This usually takes about 75% of the time of the blocking approach, which, I have to admit, I find surprisingly slow. This is not a benchmark, though, so never mind. The principal fact is that our thread is free to do other things while requests are send and responses received in the background.

Handling the request/response lifecycle asynchronously is pretty neat, but it still suffers from a (potential) downside: Both the request’s and the response’s body have to be processed in one piece.

Summary

You need two ingredients to send a request:

  • With
    HttpClient.newBuilder().$configure().build()
    you get an immutable and reusable
    HttpClient
    . You can $configure preferred HTTP version, timeout, proxy, cookie handler, executor for asynchronous requests, and more.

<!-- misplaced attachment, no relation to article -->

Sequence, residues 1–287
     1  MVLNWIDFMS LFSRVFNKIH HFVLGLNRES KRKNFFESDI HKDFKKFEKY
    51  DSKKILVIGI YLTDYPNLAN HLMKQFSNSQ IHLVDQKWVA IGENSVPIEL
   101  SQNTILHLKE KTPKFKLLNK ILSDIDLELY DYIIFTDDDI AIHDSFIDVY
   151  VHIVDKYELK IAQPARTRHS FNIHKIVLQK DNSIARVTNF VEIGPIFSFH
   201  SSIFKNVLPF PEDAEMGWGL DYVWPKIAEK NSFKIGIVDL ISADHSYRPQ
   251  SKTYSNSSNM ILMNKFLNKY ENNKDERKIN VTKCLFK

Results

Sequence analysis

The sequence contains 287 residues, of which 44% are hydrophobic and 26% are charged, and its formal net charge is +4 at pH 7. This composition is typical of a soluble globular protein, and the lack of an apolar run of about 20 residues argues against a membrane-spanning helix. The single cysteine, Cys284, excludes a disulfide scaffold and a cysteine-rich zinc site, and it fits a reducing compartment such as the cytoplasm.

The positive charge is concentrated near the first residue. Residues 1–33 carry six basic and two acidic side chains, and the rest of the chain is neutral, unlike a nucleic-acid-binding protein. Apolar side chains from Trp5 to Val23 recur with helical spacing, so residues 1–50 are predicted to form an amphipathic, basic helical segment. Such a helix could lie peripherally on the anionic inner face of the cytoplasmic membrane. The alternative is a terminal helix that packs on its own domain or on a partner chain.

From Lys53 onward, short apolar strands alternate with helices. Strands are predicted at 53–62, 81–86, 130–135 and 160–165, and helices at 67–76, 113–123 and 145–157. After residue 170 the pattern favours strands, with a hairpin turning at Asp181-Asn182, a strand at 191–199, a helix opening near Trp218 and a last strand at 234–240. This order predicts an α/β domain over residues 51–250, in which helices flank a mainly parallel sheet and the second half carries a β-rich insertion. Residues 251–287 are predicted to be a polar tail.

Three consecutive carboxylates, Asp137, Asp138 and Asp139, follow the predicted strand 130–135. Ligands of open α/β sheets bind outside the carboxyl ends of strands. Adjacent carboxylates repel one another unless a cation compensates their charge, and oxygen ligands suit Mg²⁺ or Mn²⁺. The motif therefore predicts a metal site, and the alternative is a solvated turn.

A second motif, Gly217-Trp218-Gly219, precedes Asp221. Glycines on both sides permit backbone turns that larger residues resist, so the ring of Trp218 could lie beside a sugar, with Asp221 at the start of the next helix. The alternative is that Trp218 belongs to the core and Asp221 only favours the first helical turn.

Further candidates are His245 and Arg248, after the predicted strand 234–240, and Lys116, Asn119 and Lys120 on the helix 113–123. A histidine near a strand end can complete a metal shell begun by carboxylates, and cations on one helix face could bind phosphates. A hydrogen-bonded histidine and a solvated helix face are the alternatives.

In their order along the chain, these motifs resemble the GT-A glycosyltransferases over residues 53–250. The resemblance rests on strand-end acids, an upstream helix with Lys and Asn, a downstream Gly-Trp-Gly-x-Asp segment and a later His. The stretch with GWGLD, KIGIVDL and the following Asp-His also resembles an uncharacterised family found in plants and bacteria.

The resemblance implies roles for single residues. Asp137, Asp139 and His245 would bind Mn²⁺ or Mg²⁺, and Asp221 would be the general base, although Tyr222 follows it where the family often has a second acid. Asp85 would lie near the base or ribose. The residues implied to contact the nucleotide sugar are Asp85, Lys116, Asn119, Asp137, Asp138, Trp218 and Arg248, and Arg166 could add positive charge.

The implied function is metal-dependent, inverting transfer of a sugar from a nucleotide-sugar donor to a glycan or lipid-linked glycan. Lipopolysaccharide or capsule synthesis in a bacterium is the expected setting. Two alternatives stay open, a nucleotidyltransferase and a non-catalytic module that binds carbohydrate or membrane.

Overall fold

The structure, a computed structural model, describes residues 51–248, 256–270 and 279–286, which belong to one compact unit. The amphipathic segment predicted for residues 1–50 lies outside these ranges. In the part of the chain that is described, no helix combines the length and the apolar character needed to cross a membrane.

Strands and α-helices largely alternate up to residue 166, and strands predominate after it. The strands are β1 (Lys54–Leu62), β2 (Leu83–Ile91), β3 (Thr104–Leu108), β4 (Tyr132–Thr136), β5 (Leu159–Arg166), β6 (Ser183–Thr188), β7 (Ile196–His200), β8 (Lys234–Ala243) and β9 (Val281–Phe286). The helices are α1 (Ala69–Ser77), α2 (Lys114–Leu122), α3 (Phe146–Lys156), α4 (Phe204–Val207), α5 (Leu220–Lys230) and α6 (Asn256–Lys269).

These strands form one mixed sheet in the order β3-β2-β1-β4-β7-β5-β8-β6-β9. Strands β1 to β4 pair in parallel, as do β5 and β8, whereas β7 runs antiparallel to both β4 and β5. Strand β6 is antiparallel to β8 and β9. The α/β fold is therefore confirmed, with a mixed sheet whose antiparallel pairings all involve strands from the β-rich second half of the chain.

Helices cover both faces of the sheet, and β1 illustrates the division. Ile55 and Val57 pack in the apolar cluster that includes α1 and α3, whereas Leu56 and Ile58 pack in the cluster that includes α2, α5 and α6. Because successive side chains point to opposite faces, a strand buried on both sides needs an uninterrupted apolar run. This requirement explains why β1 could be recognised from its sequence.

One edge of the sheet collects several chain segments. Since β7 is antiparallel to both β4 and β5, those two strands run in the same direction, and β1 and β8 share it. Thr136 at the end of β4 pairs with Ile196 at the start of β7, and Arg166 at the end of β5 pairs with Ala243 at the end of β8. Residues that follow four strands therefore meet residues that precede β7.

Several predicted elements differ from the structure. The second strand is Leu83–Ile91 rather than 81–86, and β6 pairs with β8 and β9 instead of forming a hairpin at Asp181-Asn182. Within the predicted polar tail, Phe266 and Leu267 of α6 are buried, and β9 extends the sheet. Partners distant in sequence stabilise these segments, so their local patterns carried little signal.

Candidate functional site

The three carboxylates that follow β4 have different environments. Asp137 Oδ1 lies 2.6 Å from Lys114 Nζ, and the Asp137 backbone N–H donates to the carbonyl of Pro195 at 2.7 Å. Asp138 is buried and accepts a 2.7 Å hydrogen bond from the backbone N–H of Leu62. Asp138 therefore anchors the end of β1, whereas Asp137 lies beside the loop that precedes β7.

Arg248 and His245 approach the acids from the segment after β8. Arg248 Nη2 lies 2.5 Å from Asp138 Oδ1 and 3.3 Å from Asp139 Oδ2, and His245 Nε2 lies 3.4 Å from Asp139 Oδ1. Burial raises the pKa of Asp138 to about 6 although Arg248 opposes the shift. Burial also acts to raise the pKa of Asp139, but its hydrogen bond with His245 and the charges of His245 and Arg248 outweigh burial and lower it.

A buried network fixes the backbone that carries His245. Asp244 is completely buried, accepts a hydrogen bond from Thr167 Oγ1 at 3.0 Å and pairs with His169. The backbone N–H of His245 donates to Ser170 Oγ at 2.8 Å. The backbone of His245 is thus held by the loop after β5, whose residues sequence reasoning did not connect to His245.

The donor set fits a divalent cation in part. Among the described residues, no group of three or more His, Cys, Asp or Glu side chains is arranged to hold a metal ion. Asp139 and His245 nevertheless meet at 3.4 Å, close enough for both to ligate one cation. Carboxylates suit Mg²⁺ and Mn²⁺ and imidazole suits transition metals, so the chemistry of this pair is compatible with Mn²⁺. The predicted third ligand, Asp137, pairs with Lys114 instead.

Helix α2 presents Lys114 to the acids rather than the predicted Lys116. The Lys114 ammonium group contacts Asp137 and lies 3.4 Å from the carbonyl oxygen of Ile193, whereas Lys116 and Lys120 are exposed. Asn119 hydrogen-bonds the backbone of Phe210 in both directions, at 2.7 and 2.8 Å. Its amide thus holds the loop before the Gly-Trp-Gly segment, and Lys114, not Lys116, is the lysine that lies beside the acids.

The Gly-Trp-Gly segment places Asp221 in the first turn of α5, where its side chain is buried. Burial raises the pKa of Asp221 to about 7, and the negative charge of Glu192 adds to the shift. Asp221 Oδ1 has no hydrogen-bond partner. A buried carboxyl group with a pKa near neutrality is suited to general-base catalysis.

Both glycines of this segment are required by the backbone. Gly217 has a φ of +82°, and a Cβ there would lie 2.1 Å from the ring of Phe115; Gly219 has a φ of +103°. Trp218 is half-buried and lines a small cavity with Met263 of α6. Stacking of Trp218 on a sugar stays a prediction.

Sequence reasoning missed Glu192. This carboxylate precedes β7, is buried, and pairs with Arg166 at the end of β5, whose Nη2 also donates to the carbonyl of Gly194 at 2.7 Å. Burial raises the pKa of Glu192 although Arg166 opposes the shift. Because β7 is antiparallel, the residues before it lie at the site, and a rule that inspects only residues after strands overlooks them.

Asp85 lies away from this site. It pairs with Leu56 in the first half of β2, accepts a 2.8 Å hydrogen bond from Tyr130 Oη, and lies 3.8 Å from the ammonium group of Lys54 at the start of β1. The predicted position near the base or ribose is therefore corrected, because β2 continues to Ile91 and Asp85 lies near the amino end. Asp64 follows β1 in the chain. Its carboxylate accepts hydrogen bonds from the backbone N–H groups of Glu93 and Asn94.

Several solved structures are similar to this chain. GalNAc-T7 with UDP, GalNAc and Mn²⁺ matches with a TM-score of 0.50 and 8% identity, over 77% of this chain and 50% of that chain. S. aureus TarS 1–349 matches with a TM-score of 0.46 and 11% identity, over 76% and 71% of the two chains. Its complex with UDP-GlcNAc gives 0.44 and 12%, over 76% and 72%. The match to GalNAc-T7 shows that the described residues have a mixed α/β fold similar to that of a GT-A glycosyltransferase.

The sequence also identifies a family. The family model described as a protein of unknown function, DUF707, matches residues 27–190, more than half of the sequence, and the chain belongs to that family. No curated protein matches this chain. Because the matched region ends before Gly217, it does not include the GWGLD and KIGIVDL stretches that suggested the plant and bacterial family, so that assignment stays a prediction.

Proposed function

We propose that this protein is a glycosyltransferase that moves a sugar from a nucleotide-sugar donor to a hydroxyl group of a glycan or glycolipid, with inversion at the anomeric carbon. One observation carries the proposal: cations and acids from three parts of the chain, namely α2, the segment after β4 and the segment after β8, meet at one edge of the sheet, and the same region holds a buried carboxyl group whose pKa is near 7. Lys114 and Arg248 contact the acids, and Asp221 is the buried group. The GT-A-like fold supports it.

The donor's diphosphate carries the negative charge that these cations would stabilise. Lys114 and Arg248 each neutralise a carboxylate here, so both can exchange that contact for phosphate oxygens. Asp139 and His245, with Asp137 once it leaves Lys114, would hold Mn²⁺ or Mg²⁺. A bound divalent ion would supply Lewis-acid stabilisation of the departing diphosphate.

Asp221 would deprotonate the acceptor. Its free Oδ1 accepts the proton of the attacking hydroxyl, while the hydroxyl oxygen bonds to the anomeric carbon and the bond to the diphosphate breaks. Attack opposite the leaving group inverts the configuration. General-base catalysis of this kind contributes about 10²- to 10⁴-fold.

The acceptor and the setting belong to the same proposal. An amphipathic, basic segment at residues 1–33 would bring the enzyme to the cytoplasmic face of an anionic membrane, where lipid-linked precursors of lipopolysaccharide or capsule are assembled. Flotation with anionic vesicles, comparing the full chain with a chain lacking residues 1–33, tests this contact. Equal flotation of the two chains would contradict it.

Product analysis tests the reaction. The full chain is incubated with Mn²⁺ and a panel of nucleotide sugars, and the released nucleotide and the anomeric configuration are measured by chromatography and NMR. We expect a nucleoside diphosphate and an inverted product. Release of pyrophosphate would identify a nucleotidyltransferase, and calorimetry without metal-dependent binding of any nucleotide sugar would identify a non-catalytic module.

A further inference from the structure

• With
    HttpRequest.newBuilder().$configure().build()
    you get an immutable and reusable
    HttpRequest
    . You can override the client’s HTTP version, timeout, and so forth. If the request has a body, provide it as a
    BodyPublisher
    ; you will mostly use the factory methods on
    BodyPublishers
    for that.

With an

HttpClient
and
HttpResponse
in hand, you can call either
send
or
sendAsync
on the former. You also have to provide a
BodyHandler
, which you can get from
BodyHandlers
– it is in charge of transforming response bytes to something more amenable.

If you use

send
, the method call blocks until the response is complete and then returns an
HttpResponse<T>
. If you call
sendAsync
, the call immediately returns with a
CompletableFuture<HttpResponse<T>>
that you can then chain further processing steps to.

And that’s it! Next week: How to process request and response bodies without having to keep them in memory in their entirety.